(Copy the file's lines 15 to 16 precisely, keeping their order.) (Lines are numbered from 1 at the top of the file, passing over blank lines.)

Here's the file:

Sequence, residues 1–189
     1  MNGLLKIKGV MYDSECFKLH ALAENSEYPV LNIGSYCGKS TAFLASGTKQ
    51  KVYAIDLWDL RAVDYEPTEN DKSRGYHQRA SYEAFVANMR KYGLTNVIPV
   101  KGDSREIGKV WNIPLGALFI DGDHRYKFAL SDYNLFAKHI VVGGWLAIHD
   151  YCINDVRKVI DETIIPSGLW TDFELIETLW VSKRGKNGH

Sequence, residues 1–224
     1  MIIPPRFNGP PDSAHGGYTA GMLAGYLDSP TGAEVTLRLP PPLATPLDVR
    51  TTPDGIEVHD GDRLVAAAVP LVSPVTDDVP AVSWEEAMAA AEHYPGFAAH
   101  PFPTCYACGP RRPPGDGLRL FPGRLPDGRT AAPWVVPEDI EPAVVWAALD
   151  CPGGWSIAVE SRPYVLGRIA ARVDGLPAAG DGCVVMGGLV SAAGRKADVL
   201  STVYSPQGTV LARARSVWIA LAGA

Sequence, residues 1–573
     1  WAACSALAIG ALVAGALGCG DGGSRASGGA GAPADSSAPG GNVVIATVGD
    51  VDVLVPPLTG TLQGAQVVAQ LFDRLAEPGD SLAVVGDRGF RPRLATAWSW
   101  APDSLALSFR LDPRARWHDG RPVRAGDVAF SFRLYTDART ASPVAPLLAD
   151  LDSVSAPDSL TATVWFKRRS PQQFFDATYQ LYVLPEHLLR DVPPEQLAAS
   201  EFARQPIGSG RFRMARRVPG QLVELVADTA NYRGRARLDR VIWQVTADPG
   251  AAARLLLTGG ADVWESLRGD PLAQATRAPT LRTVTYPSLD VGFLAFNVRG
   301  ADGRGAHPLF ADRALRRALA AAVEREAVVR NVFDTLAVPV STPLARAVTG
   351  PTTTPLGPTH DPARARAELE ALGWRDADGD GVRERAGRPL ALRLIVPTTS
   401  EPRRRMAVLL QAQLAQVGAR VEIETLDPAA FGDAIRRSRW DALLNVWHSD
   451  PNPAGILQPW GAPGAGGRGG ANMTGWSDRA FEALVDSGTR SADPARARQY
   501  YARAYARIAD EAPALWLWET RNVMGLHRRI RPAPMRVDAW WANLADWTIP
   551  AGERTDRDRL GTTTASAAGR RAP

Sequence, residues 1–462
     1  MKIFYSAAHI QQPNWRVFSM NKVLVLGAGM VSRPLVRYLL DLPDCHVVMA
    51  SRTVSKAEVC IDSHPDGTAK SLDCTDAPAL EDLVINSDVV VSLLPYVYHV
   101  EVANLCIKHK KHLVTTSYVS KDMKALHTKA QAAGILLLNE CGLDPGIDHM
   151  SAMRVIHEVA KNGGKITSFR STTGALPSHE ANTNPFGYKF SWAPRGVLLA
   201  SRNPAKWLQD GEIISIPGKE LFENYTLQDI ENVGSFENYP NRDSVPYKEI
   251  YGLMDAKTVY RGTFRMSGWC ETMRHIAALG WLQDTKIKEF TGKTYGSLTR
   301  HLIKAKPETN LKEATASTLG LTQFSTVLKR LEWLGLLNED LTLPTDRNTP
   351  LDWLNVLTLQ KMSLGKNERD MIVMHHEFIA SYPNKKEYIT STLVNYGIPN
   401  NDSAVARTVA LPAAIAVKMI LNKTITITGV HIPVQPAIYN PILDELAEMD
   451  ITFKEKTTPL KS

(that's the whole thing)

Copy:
   101  APDSLALSFR LDPRARWHDG RPVRAGDVAF SFRLYTDART ASPVAPLLAD
   151  LDSVSAPDSL TATVWFKRRS PQQFFDATYQ LYVLPEHLLR DVPPEQLAAS